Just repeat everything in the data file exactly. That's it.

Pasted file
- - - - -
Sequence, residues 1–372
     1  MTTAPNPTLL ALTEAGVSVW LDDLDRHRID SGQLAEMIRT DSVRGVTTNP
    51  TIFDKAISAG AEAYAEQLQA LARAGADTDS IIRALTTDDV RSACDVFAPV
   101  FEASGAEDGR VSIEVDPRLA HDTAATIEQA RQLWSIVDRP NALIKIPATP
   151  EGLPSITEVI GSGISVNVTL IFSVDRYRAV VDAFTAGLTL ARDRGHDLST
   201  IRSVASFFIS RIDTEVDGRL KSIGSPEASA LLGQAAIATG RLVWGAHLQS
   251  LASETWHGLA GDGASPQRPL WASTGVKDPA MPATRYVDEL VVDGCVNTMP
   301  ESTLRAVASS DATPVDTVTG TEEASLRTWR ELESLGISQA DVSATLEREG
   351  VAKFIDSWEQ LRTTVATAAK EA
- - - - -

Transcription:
Sequence, residues 1–372
     1  MTTAPNPTLL ALTEAGVSVW LDDLDRHRID SGQLAEMIRT DSVRGVTTNP
    51  TIFDKAISAG AEAYAEQLQA LARAGADTDS IIRALTTDDV RSACDVFAPV
   101  FEASGAEDGR VSIEVDPRLA HDTAATIEQA RQLWSIVDRP NALIKIPATP
   151  EGLPSITEVI GSGISVNVTL IFSVDRYRAV VDAFTAGLTL ARDRGHDLST
   201  IRSVASFFIS RIDTEVDGRL KSIGSPEASA LLGQAAIATG RLVWGAHLQS
   251  LASETWHGLA GDGASPQRPL WASTGVKDPA MPATRYVDEL VVDGCVNTMP
   301  ESTLRAVASS DATPVDTVTG TEEASLRTWR ELESLGISQA DVSATLEREG
   351  VAKFIDSWEQ LRTTVATAAK EA